Sure, you could invest in standard and 4K Blu-ray discs, many of which have Atmos soundtracks, but streaming is the future of home video. The good news is that the number of streaming services that deliver Atmos has gone up in the last year, and now there are four: Netflix, Apple's iTunes, Walmart's Vudu and Amazon Prime Video. 

The bad news? Not every streamer supports Atmos on every service. Let's break it down.

Wait, what is Atmos?

atmos-setups

Dolby Atmos is a surround sound format that goes beyond the 5.1-channels of Dolby Digital to add "height" channels for improved realism. Atmos is a competitor to atmospheric format DTS:X, which has much less disc-based content than Atmos, and no streaming support (yet). 

Although some TVs have Atmos built in, for best results you'll need an Atmos-capable AV receiver and additional "height" speakers beyond the standard center, right, left, sub and surround speakers of a typical home theater setup. Some sound bars like the Sony HT-ST5000 ($1,300), Samsung N850 ($1,000), LG SK10Y ($800) and Vizio SB36512-F6 ($500) will also do Atmos. 

Do you need it? Like most high-end formats, the answer is an emphatic "no." Standard Dolby Digital and DTS surround sound delivers an awesome experience, and even a good pair of stereo speakers or a basic sound bar is enough for many people. But Atmos-capable hardware is getting more affordable, and in some cases the extra height effects and atmospherics can be really cool. 

Now playing:Watch this: Dolby Atmos comes to Apple TV 4K

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The big four

Dolby says that between Blu-ray and streaming, more than 500 movies have been created for Atmos in the home. Apple's iTunes has the largest streaming selection, with more than 250 Atmos movies. Vudu also has a very large selection of Atmos movies.

Netflix has more than 100 hours of Atmos content, including Mowgli Legend Of The Jungle, Bird Box and Roma. Amazon is relatively new to the game -- currently only Tom Clancy's Jack Ryan has Atmos -- but don't be surprised if its Atmos support increases soon too.

But there's a catch. Just because a streaming device or Smart TV has Atmos support doesn't mean you can actually watch Atmos on it. Here's a look at which of the major streaming devices deliver Atmos today, on which apps.

Dolby Atmos streaming support


Netflix iTunes Vudu Prime Video
Apple TV 4K Yes Yes Yes Yes
Roku No No Yes Yes
Amazon Fire TV No No No Yes
Nvidia Shield No No Yes Yes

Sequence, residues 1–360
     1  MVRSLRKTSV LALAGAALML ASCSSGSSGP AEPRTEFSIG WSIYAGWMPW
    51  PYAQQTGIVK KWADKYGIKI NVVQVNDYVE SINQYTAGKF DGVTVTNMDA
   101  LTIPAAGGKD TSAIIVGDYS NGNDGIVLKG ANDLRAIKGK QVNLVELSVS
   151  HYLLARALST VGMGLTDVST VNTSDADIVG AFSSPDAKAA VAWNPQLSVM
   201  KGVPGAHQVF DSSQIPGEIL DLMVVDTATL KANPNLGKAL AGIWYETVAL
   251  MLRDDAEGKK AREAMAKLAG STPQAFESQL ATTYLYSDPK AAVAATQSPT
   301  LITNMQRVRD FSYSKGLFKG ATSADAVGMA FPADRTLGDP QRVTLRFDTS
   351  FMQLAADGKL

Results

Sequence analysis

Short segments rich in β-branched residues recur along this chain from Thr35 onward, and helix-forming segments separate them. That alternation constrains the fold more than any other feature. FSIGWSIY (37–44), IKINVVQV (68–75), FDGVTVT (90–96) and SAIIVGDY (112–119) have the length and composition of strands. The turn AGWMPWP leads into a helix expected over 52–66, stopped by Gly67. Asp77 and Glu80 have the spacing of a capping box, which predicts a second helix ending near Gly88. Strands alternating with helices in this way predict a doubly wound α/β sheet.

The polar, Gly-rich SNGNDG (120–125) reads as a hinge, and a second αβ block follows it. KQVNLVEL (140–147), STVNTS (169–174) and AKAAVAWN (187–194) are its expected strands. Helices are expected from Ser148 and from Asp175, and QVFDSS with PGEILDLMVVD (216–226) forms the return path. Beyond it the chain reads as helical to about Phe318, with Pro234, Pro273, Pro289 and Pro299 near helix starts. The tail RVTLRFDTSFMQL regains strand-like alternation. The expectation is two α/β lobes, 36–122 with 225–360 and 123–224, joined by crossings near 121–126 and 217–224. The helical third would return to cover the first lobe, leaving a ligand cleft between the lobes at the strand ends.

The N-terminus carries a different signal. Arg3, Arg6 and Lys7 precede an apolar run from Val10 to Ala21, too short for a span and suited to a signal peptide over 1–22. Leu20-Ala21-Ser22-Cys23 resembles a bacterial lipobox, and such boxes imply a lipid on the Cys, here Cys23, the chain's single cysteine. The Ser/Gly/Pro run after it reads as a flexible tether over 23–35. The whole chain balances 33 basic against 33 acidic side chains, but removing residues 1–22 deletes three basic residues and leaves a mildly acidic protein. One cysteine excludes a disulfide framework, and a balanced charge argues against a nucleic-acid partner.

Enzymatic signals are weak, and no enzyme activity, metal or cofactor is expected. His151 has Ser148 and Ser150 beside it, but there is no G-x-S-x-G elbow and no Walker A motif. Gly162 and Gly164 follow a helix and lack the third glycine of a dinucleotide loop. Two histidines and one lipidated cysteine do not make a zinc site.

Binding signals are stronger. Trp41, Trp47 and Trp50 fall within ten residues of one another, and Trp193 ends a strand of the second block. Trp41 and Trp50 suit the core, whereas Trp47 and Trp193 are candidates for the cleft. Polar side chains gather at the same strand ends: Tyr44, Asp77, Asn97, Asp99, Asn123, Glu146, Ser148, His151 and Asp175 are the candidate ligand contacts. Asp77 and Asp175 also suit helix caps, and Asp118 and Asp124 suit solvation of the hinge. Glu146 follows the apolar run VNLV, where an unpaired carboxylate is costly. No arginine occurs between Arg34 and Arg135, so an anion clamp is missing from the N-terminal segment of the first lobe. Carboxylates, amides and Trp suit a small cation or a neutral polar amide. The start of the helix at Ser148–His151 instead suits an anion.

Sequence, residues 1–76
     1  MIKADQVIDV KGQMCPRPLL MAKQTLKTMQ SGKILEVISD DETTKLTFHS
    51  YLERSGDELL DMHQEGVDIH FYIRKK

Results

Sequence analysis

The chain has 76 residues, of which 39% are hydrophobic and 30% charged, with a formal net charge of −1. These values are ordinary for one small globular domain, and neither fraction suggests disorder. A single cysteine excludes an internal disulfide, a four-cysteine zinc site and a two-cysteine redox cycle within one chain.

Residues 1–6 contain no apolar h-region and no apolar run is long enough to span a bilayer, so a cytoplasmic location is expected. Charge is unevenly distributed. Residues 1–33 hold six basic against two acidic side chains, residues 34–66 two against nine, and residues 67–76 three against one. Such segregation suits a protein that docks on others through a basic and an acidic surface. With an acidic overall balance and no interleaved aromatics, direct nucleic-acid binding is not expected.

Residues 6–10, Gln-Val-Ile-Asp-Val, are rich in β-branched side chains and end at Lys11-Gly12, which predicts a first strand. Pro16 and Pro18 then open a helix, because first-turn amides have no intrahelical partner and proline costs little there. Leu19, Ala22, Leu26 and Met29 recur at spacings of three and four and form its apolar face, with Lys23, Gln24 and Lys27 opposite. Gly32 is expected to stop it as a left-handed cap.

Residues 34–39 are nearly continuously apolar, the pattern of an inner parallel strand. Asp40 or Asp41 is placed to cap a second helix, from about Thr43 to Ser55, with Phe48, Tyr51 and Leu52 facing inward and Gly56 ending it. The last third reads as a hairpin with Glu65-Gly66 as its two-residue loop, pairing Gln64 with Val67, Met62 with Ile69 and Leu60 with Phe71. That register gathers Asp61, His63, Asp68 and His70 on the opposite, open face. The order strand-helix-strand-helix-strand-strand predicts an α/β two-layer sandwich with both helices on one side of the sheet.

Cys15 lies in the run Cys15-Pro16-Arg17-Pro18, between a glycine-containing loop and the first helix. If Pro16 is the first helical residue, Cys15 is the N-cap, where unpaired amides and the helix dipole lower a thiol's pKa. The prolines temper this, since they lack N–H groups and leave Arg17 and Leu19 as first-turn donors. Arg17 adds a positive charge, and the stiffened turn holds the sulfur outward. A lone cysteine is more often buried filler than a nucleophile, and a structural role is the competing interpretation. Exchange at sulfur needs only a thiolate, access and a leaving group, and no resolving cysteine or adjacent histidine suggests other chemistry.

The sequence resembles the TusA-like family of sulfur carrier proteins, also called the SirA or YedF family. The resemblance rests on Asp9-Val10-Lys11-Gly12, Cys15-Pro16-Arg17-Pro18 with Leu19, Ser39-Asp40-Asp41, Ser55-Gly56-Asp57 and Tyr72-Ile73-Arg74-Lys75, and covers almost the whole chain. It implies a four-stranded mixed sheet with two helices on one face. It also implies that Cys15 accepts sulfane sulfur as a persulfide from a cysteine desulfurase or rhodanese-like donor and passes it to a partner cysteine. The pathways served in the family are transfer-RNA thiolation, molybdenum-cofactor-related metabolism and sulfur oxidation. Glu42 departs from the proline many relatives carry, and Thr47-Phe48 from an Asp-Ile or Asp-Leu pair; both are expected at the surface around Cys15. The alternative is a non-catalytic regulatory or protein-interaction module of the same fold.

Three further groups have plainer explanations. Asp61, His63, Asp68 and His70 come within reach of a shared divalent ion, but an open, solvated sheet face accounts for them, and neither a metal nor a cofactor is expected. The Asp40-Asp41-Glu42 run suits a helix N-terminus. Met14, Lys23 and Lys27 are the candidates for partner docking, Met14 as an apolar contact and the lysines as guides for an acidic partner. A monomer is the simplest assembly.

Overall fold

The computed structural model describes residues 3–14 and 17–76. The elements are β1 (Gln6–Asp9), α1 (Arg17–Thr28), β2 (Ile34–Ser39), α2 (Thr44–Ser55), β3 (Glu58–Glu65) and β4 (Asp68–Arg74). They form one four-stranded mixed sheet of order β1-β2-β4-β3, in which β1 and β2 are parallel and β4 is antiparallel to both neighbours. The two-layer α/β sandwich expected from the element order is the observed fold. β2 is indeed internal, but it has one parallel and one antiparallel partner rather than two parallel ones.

Chromecast Ultra No No Yes No
Xbox One Yes No Yes Yes
Apple TV 4K

Apple TV 4K FTW

If you want to get Atmos from the most possible services, Apple TV 4K ($160 at Best Buy) is your best bet. It's the only device to include iTunes, the largest source of Atmos movies, and it's one of only two to support Netflix in Atmos.

Coming in second is the Xbox One, with three out of four Atmos streaming sources. Note that Sony PlayStation 4 doesn't support Atmos at all.

The biggest surprise -- and frustration -- for people looking to stream Atmos is that aside from those two devices, no standalone streamer in the US supports Atmos from Netflix. I asked a Netflix representative why and was told: "We have certain product and technical requirements for Dolby Atmos support, and we've continued to add more devices over time since launching it a year and a half ago."

Note that the above list doesn't include Smart TVs. Buying a new 4K HDR TV to get Atmos is a lot more expensive than just buying a new streamer (even a $180 Apple TV 4K), but it's worth noting that many newer Smart TVs' streaming apps support Atmos too.

For example, 2017 and newer LG TVs, as well as 2018 and newer Sony TVs, support Atmos from Netflix. Whether Atmos support will be included in 2019 Samsung TVs with iTunes is unclear; we asked Samsung but did not hear back by press time.

Dolby says it's working to expand Atmos support, so expect the list above, and the number of available titles, to continue to grow. We'll keep the list updated as that happens.

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Sours: https://www.cnet.com/tech/home-entertainment/how-to-stream-dolby-atmos-from-netflix-itunes-vudu-and-amazon/

How to know if you’re actually getting Dolby Atmos sound

With its object-based sound system, Dolby Atmos is now the benchmark for at-home surround sound. Though it took some time to catch on, the format is now supported by Ultra HD Blu-ray discs and streaming services like Netflix, Amazon Prime Video, and Disney+. So, if you’ve got Dolby Atmos speakers, a Dolby Atmos-compatible AV receiver or soundbar, and access to Dolby Atmos content, you should be hearing Dolby Atmos sound, right?

Well, as it turns out, no, not necessarily. To understand if your Atmos system is delivering true Atmos sound — and not just really good 5.1.2 or 7.1.2 surround — you need to understand how Dolby Atmos works with all of your media sources and components. It’s a bit technical, but we’re going to make it as simple as possible.

What exactly is Dolby Atmos?

Dolby Atmos isn’t actually a soundtrack at all. It’s metadata that is used by compatible audio gear to control which speakers are reproducing certain sounds. A good example is when a helicopter flies overhead in a movie. Without Atmos information, the sound of the helicopter is embedded in one, or many, of the surround sound channels. But so are all of the other sounds you’re hearing.

With Dolby Atmos, the helicopter is treated as its own discrete object, and a Dolby Atmos receiver can use that information to separate the helicopter sound from the background sounds and move it independently from one speaker to another. The result is a very convincing 3D placement of sounds for a much more immersive movie experience.

And what about Dolby Atmos Music?

Though it’s still just getting a toehold on streaming music services, Dolby Atmos Music does for music what Dolby Atmos does for movies. It’s impressive when you hear it, but to get it you’ll need a specific combination of apps and Dolby Atmos-capable devices. Chances are good that if you’re equipped for Dolby Atmos movies, you’re ready for Dolby Atmos Music, but to be sure, check out our full Dolby Atmos Music explainer.